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Tags: litigation | lawsuits | frivolous

Are There Really That Many Frivolous Lawsuits?

Are There Really That Many Frivolous Lawsuits?
(Andrii Yalanskyi/Dreamstime.com)

Larry Alton By Friday, 08 November 2019 01:53 PM EST Current | Bio | Archive

In the United States, there’s a common conception that we live in a “litigious society.”

We hear frequent reports in the news of people who sue company owners or friends and family members for seemingly inconsequential slights, or pure accidents that shouldn’t be punished. We believe there are many people, and many lawyers, who would take legal action for a quick profit, or even for the sport of it.

But is this truly the case? Is frivolous litigation really as common as we think it is?

The Truth Behind Frivolous Cases

Let’s take a look at a few of the cases that could be considered frivolous. One of the most infamous examples is the case of the woman who sued McDonald’s because its coffee was too hot; on the surface, this sounds absolutely ridiculous. Coffee is supposed to be served hot. To sue McDonald’s for this seems like a cash-grab based on a thin premise, at best.

However, the details of the case are fairly disturbing. The coffee was served not just hot, but at a temperature so high that it caused serious burns in seconds. The woman who spilled the coffee was wearing sweatpants, and suffered third-degree burns as the coffee soaked through them. She required skin grafts to repair the damage, and found out there were hundreds of people who had sustained similar injuries. The woman was willing to settle the case for $20,000, to account for medical expenses and lost income, but McDonald’s offered only $800, so the case went to trial. Ultimately, the jury decided that the woman was partially responsible for her injuries, but imposed punitive damages on the corporate giant, which made headlines.

The same can be said of many types of cases that seem frivolous on the surface.

For example, slip and fall cases often get a bad reputation because they seem easy to fake with a carefully timed pratfall. However, most people who fall in a public place never consider legal action, and simply move on with their lives. Only when they suffer severe injuries, like broken bones, and can clearly see that someone was responsible for their fall, do they consider contacting a lawyer.

The Role of Corporations and the Media

Part of the reason we believe frivolous lawsuits are so common is the coordinated effort of corporations and news media to make it seem like they’re common.

Big corporations have the cash and power to hire talented and resourceful legal teams, who do whatever they can to reduce the impact of cases that could jeopardize the reputation of those corporations. In the McDonald’s case, lawyers had a vested interest in ensuring that people didn’t take the “hot coffee” case seriously, so they invested heavily in a PR campaign to make the case seem more ridiculous than it truly was.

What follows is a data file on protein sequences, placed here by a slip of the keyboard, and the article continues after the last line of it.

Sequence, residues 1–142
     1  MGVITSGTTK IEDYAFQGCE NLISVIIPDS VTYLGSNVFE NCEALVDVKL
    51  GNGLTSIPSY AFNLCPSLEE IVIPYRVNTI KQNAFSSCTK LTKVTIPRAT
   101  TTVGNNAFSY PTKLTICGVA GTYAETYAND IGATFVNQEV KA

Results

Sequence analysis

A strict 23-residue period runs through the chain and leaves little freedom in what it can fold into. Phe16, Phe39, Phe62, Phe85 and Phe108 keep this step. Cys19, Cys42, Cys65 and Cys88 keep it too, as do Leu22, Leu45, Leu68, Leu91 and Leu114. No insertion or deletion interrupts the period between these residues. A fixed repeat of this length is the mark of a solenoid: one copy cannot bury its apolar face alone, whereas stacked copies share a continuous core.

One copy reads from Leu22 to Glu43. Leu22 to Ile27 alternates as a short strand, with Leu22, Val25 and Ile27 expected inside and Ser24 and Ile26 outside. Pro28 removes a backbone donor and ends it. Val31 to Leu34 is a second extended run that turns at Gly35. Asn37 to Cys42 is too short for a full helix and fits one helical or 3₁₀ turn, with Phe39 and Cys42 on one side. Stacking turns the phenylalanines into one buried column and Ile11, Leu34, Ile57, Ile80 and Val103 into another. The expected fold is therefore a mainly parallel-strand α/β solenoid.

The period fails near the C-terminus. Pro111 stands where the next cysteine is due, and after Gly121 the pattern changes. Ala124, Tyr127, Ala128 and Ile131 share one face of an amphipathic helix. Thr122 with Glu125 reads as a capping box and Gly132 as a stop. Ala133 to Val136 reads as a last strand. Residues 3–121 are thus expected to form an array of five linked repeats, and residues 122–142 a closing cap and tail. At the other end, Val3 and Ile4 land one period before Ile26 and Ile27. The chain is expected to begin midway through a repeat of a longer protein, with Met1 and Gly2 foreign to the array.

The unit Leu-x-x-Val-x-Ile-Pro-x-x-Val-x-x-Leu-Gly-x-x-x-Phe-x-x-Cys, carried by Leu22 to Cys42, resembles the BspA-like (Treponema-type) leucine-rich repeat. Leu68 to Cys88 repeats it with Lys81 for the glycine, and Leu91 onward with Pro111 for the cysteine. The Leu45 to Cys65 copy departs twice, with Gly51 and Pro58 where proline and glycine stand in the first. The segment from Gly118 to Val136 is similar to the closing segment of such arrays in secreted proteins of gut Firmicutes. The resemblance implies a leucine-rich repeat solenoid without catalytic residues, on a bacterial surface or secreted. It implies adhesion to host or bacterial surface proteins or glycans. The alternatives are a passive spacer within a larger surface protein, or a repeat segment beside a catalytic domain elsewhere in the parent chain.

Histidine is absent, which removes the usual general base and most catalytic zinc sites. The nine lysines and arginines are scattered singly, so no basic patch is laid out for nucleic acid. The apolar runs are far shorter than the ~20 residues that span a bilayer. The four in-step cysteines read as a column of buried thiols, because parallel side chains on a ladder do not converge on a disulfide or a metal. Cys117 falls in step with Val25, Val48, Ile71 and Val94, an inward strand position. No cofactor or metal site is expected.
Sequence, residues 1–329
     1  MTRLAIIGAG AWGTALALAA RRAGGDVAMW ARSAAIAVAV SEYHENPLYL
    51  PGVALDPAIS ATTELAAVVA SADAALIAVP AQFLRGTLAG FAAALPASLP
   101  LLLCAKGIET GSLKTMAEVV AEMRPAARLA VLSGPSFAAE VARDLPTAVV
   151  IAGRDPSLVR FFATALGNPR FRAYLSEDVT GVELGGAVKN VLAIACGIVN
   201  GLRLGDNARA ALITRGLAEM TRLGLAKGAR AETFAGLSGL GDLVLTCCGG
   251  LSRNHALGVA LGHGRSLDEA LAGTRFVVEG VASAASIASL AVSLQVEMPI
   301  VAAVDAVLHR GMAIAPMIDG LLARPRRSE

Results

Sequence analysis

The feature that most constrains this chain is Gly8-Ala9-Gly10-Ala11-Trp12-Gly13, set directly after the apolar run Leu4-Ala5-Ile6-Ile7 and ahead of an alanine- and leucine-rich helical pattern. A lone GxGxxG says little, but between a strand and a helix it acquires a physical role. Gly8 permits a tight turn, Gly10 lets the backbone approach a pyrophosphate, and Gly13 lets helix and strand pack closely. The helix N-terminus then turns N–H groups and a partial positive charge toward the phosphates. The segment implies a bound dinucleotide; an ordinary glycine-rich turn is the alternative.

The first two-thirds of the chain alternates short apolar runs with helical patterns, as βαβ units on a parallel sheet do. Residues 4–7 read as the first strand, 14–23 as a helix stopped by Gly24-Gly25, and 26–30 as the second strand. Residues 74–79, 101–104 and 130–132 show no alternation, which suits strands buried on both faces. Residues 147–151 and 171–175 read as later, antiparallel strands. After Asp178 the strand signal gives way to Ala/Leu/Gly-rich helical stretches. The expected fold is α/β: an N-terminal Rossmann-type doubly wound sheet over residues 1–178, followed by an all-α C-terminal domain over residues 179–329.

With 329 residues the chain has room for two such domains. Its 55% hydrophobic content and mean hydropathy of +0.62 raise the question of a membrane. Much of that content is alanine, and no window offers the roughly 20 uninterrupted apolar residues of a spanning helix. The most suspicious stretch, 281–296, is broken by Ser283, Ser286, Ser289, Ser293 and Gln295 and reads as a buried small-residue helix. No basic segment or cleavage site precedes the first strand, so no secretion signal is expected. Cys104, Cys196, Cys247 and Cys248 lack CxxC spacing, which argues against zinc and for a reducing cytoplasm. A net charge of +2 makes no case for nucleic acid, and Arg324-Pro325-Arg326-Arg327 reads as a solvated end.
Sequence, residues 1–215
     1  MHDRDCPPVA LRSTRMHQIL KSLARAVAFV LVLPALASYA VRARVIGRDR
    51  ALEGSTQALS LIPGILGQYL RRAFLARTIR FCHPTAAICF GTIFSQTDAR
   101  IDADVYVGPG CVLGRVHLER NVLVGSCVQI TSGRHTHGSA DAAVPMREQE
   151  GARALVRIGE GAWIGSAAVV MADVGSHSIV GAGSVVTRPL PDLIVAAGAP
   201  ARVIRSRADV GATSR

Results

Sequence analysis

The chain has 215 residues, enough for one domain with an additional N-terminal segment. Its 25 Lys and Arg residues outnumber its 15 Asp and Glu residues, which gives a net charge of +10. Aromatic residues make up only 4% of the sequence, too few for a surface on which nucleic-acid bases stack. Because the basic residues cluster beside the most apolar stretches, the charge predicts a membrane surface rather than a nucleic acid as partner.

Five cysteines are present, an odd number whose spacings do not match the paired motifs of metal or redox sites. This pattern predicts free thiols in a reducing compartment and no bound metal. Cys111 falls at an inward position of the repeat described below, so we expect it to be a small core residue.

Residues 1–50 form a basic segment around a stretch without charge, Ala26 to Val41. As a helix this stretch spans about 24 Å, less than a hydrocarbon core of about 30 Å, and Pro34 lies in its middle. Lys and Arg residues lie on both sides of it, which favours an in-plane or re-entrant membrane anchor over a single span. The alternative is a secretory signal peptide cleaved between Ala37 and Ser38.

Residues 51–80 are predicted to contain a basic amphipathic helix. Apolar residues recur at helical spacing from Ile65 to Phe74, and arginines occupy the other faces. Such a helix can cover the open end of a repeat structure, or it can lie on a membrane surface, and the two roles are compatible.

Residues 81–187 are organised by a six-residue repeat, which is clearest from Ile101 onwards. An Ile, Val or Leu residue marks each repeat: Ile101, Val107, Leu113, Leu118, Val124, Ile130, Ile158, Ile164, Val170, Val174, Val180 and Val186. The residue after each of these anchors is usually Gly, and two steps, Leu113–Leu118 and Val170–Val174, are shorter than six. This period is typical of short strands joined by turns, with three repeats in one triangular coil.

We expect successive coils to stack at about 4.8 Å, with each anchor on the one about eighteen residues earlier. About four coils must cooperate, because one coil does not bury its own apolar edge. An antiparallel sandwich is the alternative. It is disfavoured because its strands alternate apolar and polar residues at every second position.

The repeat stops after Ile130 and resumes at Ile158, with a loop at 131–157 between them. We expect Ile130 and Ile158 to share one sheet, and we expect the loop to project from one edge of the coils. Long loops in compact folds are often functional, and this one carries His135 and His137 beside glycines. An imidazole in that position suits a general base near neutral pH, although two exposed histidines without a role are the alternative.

News reporters tend to focus on details most likely to elicit a reaction from the public, and oftentimes those lean toward frivolity. For example, a headline suggesting that a woman was awarded millions of dollars for spilling hot coffee on herself is much more rewarding than a headline suggesting a woman with third-degree burns sued the company that caused them.

It’s also worth noting that the general public pays a disproportionate amount of attention to cases that seem frivolous. We don’t pay especially close attention to the inner workings of our court systems; instead, we only learn about the most extreme cases.

The Decline of Tort Cases

Tort cases, the usual suspects in “frivolous lawsuits,” are actually on the decline.

According to recent data, only 4.4 percent of all civil cases are torts, and that number is steadily declining, rather than increasing.

There are many reasons for this. Part of this is due to the unearned, yet lingering reputation that we live in a litigious society; people don’t want to seem like they’re making a big deal out of nothing, so they never pursue legal action in matters where they truly should. Similarly, court cases are a lot of work; they cost lots of money and require you to spend countless hours of time, even if you have a strong case. Most people don’t want to go through this hassle, even if they stand to win a decent payout. They’d much rather accept a settlement, or not take any action at all, to keep things simple.

So is frivolous litigation truly common? The short answer is no.

There are people out there who intentionally try to create situations that allow them to sue, and those who sue others every chance they get, but these people are exceptionally rare — and tend to be unsuccessful in their attempts. Our perception of frivolous litigation is merely a byproduct of corporate PR, biased media coverage, and other unfair factors.

Larry Alton is a professional blogger, writer, and researcher. A graduate of Iowa State University, he's now a full-time freelance writer and business consultant.Currently, Larry writes for Entrepreneur.com, Inc.com, and Forbes.com, among others. In addition to journalism, technical writing and in-depth research, he’s also active in his community and spends weekends volunteering with a local non-profit literacy organization and rock climbing. Follow him on Twitter (@LarryAlton3), at LinkedIn.com/in/larryalton, and on his website, LarryAlton.com. To read more of his reportsClick Here Now.

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In the United States, there’s a common conception that we live in a “litigious society.”
litigation, lawsuits, frivolous
Friday, 08 November 2019 01:53 PM
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